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Part B: Literature Review
Framework
The framework of this literature review are the following issues: Effects of hemp on Soil and Water
Quality, Ability for Hemp crops to increase profitability of other crops and the ability of hemp to be a
profitable crop in its own right.

Introduction
Many studies have been performed on the effects of Hemp on Soil quality, Water Quality,
Profitability of Hemp crops and the ability for hemp to be used in rotation with other more dominant
crops in recent years with quite consistent results among each. However none of these studies have
been conducted within Australia or areas with suitably similar climates, or dominant crop bases.
Predominantly use of hemp as a rotational crop has been researched in areas focusing on wheat and
other similar products and generally Hemp was not the key focal point of these studies.

Benefits of Hemp to Soil and Water Quality.
Hemp has been proven to improve soil structure substantially when used as a break crop (Finnan &
Styles 2013) which when used in rotation with other common crops such as wheat can help to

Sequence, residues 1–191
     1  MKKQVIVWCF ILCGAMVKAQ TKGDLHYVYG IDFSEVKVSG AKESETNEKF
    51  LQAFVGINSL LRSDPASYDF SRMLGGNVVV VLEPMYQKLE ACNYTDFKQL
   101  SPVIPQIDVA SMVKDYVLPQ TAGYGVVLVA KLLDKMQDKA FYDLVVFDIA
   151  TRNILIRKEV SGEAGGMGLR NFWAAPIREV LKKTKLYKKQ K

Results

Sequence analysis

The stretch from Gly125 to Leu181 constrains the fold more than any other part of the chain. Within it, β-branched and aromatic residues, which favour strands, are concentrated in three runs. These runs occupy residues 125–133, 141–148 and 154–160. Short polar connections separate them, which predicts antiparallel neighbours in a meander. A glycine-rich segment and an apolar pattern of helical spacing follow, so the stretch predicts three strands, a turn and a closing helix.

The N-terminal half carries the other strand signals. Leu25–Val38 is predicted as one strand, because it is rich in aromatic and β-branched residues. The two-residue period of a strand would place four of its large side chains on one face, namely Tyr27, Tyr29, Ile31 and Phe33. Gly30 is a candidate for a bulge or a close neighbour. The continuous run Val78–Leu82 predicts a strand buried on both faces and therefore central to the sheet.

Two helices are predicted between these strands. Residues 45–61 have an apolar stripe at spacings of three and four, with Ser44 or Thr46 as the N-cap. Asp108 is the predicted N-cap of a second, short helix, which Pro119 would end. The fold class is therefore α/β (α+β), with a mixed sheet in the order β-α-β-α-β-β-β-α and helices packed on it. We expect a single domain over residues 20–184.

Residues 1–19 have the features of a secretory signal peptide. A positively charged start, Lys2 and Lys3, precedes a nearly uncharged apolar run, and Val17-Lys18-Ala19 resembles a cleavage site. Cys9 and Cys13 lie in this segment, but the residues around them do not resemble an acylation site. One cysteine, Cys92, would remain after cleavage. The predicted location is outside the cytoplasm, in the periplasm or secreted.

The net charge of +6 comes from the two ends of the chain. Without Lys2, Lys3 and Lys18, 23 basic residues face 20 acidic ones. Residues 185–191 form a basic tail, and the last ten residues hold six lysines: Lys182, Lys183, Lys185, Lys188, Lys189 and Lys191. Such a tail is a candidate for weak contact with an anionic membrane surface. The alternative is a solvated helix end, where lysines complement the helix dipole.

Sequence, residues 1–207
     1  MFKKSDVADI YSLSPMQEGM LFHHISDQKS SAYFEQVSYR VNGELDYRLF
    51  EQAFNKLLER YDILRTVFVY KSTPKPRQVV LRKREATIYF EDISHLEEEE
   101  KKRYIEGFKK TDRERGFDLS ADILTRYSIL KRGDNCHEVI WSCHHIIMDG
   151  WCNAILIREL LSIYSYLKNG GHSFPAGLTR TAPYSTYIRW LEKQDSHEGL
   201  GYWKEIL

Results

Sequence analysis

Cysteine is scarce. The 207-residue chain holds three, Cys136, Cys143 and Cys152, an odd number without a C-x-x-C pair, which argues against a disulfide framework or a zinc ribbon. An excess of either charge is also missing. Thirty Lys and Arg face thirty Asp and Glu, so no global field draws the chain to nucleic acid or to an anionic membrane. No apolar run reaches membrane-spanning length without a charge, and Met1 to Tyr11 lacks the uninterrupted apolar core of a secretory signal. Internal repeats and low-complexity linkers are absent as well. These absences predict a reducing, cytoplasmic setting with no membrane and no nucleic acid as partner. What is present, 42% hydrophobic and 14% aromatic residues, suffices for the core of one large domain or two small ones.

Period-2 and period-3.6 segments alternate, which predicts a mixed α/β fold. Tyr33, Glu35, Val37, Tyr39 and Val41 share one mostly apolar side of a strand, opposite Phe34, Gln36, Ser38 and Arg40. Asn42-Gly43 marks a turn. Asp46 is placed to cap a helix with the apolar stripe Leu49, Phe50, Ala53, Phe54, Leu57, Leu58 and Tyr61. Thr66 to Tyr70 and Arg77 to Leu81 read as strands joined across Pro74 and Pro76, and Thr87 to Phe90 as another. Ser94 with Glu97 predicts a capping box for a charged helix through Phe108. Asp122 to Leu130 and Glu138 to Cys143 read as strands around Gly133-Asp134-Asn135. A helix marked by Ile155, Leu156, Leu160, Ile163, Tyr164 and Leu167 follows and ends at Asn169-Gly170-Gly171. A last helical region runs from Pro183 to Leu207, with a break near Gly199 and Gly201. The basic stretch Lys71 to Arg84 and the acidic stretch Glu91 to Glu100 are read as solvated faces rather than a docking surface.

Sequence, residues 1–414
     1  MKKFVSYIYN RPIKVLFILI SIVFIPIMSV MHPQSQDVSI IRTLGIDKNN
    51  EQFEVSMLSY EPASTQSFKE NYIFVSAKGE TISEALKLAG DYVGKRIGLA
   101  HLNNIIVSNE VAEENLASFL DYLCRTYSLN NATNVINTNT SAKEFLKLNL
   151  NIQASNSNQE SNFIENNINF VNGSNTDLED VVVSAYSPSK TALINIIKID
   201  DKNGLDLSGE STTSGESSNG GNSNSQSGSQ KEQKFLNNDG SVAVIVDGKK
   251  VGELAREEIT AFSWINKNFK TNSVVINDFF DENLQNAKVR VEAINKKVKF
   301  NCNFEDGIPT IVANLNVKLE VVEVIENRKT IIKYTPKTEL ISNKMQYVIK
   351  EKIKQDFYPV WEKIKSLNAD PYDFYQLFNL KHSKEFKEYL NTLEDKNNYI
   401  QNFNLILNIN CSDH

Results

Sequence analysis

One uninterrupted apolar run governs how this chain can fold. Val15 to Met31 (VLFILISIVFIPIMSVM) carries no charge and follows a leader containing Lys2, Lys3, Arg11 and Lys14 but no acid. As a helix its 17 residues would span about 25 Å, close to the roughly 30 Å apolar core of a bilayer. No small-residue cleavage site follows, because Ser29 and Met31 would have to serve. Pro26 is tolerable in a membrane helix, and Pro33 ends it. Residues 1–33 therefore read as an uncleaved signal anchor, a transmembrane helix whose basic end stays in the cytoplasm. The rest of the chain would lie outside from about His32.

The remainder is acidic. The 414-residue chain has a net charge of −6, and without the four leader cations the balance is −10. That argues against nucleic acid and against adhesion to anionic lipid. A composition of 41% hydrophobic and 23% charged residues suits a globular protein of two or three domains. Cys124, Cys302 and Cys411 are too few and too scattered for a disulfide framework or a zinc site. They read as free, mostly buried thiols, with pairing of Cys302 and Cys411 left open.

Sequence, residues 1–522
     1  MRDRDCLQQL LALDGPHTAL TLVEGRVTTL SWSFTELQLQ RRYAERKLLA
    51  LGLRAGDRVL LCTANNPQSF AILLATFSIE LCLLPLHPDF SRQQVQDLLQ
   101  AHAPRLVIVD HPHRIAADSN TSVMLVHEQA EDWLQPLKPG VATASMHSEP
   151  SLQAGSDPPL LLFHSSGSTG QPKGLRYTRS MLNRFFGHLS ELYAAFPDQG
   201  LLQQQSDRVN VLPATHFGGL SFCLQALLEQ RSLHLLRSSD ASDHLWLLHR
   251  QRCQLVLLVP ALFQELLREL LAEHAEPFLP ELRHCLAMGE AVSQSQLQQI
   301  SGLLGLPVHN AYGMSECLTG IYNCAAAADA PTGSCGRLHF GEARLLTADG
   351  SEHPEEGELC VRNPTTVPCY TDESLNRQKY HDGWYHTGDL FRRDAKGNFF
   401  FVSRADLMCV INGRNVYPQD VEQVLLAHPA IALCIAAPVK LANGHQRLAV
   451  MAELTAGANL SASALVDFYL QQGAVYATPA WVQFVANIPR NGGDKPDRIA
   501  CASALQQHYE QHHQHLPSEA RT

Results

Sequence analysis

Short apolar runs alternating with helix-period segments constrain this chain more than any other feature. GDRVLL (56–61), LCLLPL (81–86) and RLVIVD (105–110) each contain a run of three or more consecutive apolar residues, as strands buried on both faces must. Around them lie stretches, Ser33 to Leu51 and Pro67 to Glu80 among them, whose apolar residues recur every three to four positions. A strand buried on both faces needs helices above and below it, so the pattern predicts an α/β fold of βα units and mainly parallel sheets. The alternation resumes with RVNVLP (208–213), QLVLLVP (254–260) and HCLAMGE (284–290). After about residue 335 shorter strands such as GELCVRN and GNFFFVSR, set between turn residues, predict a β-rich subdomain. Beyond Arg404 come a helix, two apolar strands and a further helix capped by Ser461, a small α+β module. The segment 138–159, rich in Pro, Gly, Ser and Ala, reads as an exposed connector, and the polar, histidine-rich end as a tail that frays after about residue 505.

increase yields by upto 20% (Kirkegaard et al. 2008). Hemp has also been found to work as an
effective control method for soil nematodes. This in itself is believed to be of more vital importance
to the added profitability of crops than the effects on soil structure. These benefits need to be
examined in greater detail within the cane industry to establish whether the benefits are applicable
to cane crops.
If heavy metal contamination occurs to the lands such as those within the vicinity of mines, or
damaged groundwater supplies hemp is a highly effective Phytoremediation plant and can absorb
large amounts of heavy metals from the soil (Linger et al. 2002), while still producing a profit for the
farmer during the process, unlike food and textile only crops. This gives the potential for farmers to
reclaim ex mining land for agricultural purposes and potentially even move back to growth of food
products on this land after suitable combinations of phytoremediation and other remediation
methods are performed with minimised outlay of remediation processes.

Profitability of Hemp Crops to Farmers, helping increase yields of other crops
These benefits to other crops grown on the land are one way in which a hemp crop can help to
increase profitability of a farm indirectly through increasing the overall production rates of the usual
crops on site. Further research into whether this increase in production also applies to sugar cane
would be a topic of vital importance for SEQLD Canefarmers. Through the benefits of increased
organic matter in soil content through dropped leaves, reduced soil erosion, increase permeability
and various other physical, chemical and biological benefits (Zegada-Lizarazu & Monti 2011)
rotational crops, hemp included, are a logical way to save money on soil conditioning and pest
control and to make money during the non-growing season.